UPDATE: Serbian Elections and a New Crisis in North Kosovo

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Kosovo will likely face yet another round of local elections in the Serb-majority town of North Mitrovica in late February. This new crisis, which comes in advance of important elections in Serbia, will serve as a useful political tool in the hands of Deputy Prime Minister Aleksandar Vucic. 

On Saturday, the Serbian mayor-elect in North Mitrovica, Krstimir Pantic, suddenly refused to assume office. The seemingly abrupt decision was announced at the official ceremony where he was to take his oath and be sworn in as the mayor of the largest Serb-majority town in northern Kosovo. Pantic announced that he refused to assume mayorship because he “felt tricked” by Kosovo authorities and the international community, supposedly because his oath was printed with an emblem of the Republic of Kosovo covered by a white sticker.

Kosovo Serbs: Pawns in Belgrade’s internal power games

But Pantic’s excuse doesn’t really offer a solid justification for such a drastic move, and there are compelling reasons to believe that it was orchestrated by elements in Belgrade.

Serbia will likely hold early national elections on March 16th. Election season is usually a time when the Kosovo issue is instrumentalized to discredit political opponents, and as a “weapon of mass distraction” from more mundane matters, like the 20.1 percent unemployment rate, which is projected to rise.

It’s all but certain that the head of the center-right Serbian Progressive Party (SNS), Aleksandar Vucic, will be the next prime minister of Serbia. And Vucic has been eager to put all of his perceived competitors in their place — including coalition partners and members of his own party. Pantic, the almost-mayor of Mitrovica, is a member of SNS, a party in which Vucic demands total obedience and even sacrifice (e.g. the calculated resignation of mayors, of which there have been two in recent months) from all members who wish to stay in the game.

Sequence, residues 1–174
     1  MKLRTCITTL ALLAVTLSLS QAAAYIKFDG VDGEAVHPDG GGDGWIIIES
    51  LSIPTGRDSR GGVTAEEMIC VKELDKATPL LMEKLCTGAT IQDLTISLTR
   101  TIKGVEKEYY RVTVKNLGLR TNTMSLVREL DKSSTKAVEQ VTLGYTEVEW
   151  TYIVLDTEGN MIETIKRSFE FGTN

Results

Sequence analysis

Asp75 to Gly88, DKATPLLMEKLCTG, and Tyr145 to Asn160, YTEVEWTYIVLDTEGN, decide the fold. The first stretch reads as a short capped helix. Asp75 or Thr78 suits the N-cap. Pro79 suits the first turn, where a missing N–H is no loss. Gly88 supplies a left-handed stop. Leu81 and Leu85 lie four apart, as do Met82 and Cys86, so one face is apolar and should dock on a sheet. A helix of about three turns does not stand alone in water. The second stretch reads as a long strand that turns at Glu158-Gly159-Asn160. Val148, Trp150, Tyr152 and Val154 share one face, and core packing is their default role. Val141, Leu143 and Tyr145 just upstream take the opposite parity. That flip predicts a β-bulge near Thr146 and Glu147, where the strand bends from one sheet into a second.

The political intrigue Pantic has created in northern Kosovo will be highly useful for Vucic’s power consolidation campaign in several respects.

Inter-coalition countdown: Vucic vs. Vulin

Before forming the current Serbian government in 2012, Vucic was considered a staunch opponent of any type of Serbian-Albanian dialogue in Kosovo. When he called Serbs to participate in Kosovo’s local elections last year, some less opportunistic nationalists accused him of treason. At the same time, some hardliners saw his coalition partner, Aleksandar Vulin, as a man who stands firm in protecting “Serbian national interests” (Vulin serves as a Serbian government minister in charge of Kosovo issues).

So it’s no surprise that Pantic, in an interview with Vecernje novosti, blamed Vulin for the latest North Mitrovica scandal. “I don’t blame the Serbian Government, but the minister in charge of Kosovo [Vulin] who has been doing politics on his own and building his own party’s infrastructure, and took the least care of Serbian national interests,” Pantic said. Vulin, he added, “was saying one thing, but doing another.”